When the Dutch got their hands on tulips through the Ottoman Empire in the seventeenth century, they started to breed them to suit their own climate and conditions. The Netherlands is cool, damp and cloudy. The lowland soil is sandy rather than clay like on the Asian steppes.
Centuries of Dutch breeding rendered most tulip hybrids unsuitable for growing successfully in a steppe climate. That's why many tulips planted in Colorado fail to persist beyond their first season. The one exception is the group called "Darwin hybrids." These retain the vigor of their wild ancestors. (Their are other hybrids and nearly-wild tulips that thrive here as well, but these are smaller and shorter. I'm focused here on the tall classic tulips that most people picture when they think of tulips.)
There are about 20 Darwin hybrids varieties available in a wide range of colors, from red, pink and purple to yellow, orange and white. They bloom in May and grow about a foot tall. In my experience, these Darwins return year after year and often multiply. Many of mine were planted 20 years ago and are still going strong.
In clay soil, plant them five or six inches deep with the pointed end up. In a sandy soil, consider planting them a few inches deeper. There's no need to modify your soil. When you plant, enhance your future spring display by adding pansies on top. You had to dig the holes anyway, so it's very little extra work to plant the pansies. Tulips also look pleasing coming up through perennial groundcovers that bloom in spring such as creeping phlox or lamium.
Tulips need very little care. It's actually good to neglect them in spring. Don't cut off the foliage after the blossoms fade; let it wither and die naturally. If you cut it off, you are depriving the bulbs of their opportunity to renew themselves for the next spring. Leaves are solar collectors. (This applies to all other bulbs as well such as hyacinths and daffodils.)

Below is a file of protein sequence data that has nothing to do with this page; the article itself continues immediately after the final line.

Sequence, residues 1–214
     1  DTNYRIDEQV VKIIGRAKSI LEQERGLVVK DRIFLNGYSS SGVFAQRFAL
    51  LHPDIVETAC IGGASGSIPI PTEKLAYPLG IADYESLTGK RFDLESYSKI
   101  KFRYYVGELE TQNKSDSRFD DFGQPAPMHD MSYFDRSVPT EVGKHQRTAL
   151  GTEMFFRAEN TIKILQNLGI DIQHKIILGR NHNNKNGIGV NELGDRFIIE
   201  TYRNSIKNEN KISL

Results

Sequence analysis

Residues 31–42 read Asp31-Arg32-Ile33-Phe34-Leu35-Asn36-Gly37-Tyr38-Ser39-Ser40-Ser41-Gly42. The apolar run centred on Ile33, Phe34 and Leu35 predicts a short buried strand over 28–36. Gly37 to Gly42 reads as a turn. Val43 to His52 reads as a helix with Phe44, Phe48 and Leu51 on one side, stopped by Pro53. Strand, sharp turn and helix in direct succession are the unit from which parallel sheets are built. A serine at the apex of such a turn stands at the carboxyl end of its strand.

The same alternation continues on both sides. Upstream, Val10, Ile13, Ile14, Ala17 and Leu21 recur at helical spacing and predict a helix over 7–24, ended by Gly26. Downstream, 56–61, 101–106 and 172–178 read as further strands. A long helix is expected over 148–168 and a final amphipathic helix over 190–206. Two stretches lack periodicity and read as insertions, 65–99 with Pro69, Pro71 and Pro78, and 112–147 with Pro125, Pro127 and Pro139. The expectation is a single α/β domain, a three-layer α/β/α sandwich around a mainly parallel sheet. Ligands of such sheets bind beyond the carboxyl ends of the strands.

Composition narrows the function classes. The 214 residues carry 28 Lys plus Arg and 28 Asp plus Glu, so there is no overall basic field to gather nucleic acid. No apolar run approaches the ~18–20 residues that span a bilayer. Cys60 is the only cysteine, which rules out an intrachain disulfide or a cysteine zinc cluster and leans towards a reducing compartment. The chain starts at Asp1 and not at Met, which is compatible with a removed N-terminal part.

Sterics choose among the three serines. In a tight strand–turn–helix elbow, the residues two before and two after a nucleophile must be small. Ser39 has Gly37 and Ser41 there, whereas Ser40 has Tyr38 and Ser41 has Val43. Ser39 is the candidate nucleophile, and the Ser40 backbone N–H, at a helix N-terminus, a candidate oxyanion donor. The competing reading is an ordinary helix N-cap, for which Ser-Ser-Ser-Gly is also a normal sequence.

The main enemies of tulips (besides overly-tidy gardeners) are rodents. Although squirrels and mice sometimes go after freshly-planted bulbs, voles and ground squirrels are a more serious threat. If rodents constantly plague your garden, skip tulips and plant daffodils instead, which are poisonous.
Tulips may be planted at any time in fall as long as the ground has not yet frozen. That window of opportunity closes around Thanksgiving. By selecting the right kind of tulips--and planting them with suitable companions such as pansies or creeping phlox--you'll have a beautiful display this spring. By leaving their foliage intact until it withers, you'll have a beautiful display for decades to come.
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